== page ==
While Thailand is widely known for its red-light districts and friendliness towards LGBTQ tourists, it’s also home to some very conservative laws. Certain drugs, gambling, prostitution, and vaping are illegal in Thailand. Sex toys are banned too.
According to Wisit Piemjai, the director of the Postal Customs Service Division, the customs department confiscated over 4,000 sex toys in 2020 alone. The penalty for anyone caught peddling, buying, or possessing sex toys is up to three years jail time or a fine of up to 60,000 Thai baht ($2,000), or both. The Thai government refuses to amend the law banning sex toys because it goes “against the view of Thai society,” but many activists say this is hypocritical, especially for an economy that is, in part, driven by red-light districts.
“The phrase ‘Thailand is a buddist country’ means nothing,” a sex toy seller who goes by the name Natasha, told VICE World News.
Natasha is one of Bangkok’s busiest underground sex toy dealers and an advocate for sexual privacy rights, a movement that’s been growing steadily over the years. Selling sex toys is not her main job, but she said she has a passion for it. It’s profitable too. According to her, the COVID-19 pandemic has made sex toys one of the hottest selling items online.
Thailand’s black market benefits the most from these conservative laws; despite being illegal, Thailand’s underground sex trade flourishes. Bangkok’s red-light economy is estimated to be a $6.4 billion dollar industry, making up about 4 to 10 percent of the country’s gross domestic product. Sex toys are sold openly in Bangkok’s red-light districts, like Nana, Silom, and Patpong. In June 2020, the police raided an adult toy warehouse in a province just south of Bangkok and seized about 1 million Thai baht ($32,000) worth of illegal goods.
Despite the prevalence of illicit activities, the Thai government maintains its stance as a deeply conservative society. A 2016 UNICEF report on sex education in Thailand noted that many students hold attitudes that reject sexual rights, and that institutions approach sexuality from a view that “emphasizes the negative consequences” of it.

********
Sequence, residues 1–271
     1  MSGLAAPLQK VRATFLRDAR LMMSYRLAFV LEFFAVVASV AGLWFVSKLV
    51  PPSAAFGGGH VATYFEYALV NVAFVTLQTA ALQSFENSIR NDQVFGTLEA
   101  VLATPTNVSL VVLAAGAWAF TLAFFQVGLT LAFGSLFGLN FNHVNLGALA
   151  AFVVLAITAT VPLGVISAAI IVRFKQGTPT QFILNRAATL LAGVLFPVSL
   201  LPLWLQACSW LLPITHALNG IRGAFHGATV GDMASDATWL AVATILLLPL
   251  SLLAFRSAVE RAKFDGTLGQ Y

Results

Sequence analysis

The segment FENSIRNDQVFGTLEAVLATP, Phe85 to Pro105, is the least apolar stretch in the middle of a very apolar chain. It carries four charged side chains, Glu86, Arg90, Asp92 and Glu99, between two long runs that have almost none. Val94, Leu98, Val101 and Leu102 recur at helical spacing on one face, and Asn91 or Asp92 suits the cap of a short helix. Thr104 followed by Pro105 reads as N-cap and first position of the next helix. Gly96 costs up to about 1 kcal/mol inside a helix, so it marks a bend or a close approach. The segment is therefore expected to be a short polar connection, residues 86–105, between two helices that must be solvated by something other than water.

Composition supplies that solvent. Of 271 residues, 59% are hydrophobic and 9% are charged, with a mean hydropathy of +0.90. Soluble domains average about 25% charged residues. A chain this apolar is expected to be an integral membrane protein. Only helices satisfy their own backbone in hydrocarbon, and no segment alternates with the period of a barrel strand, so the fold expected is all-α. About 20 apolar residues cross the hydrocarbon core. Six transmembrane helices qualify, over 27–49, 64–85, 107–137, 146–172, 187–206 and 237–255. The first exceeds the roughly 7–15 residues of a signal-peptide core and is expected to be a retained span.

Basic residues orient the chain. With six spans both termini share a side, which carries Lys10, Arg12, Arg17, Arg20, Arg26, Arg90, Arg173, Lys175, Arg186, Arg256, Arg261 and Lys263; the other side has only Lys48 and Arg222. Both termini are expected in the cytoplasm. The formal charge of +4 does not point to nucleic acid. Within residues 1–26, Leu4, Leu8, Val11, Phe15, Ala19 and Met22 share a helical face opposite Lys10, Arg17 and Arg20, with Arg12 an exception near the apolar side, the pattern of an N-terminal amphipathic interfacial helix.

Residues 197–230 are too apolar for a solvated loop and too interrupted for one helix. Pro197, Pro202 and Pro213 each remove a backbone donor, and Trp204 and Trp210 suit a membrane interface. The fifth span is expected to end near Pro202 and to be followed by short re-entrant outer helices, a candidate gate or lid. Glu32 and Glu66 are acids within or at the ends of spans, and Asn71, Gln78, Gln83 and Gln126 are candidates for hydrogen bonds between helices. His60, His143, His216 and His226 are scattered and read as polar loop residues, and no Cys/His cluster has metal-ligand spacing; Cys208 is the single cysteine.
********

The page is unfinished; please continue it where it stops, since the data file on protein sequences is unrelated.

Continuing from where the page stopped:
“Thailand is a Buddhist country and this is a generational issue. Older people still cannot accept sex toys and nothing can be done to change [that]. The law will remain in place for now,” Customs Director Wisit said.
There have been efforts to change Thai society’s perception of sexual wellbeing. In 2018, activist Nisarat Jongwisan pioneered the movement to legalize sex toys when she spoke out publicly against the Ministry of Culture in a TV program, sparking a debate about sex toys in the country. The most popular argument among those that oppose it is that the legalization of sex toys would lead to an increase in sex-related crimes.
But some argue that decriminalizing the sale and possession of sex toys could empower women to have more agency over their sexual desires and reduce the stigma around the topic. Teenage pregnancy rates are an ongoing concern, as many of these cases are attributed to the lack of access to contraceptives, related to the negative perceptions associated with teenage girls who use birth control.
Meanwhile, keeping the law as it is only benefits the black market.
“The government’s refusal to legalize sex toys is driving the black market to grow because humans will always have sexual desires; this law doesn’t stop people from buying. They will [simply] find a different way,” Natasha, the sex toy seller, said.
The global sex toy market was valued at $33.64 billion in 2020, and COVID-19 is only pushing that figure higher. If the government chooses to regulate the sale of sex toys, it can at least protect those who are buying them by imposing product quality checks and fair prices.
“Black market profits from this law tremendously. Anyone can make a quick buck because there’s no rule, no regulations. Sellers can profit 10 times in a single sale if they want to, because they’re above the law. This is why it must be changed,” Nisarat said.
In 2018, Nisarat launched a petition asking the government to legalize sex toys. She plans to launch a new petition following the Thai parliamentary mechanism wherein she’ll have to gather 50,000 signatures to submit a bill for a parliamentary vote.
“What would happen if we don’t change this law? Well, nothing,” Nisarat said. “But in our case, nothing [is] bad because [that means] we are stuck. We can’t remain in the same place even for just five or 10 more days. It’s time for us to move forward.”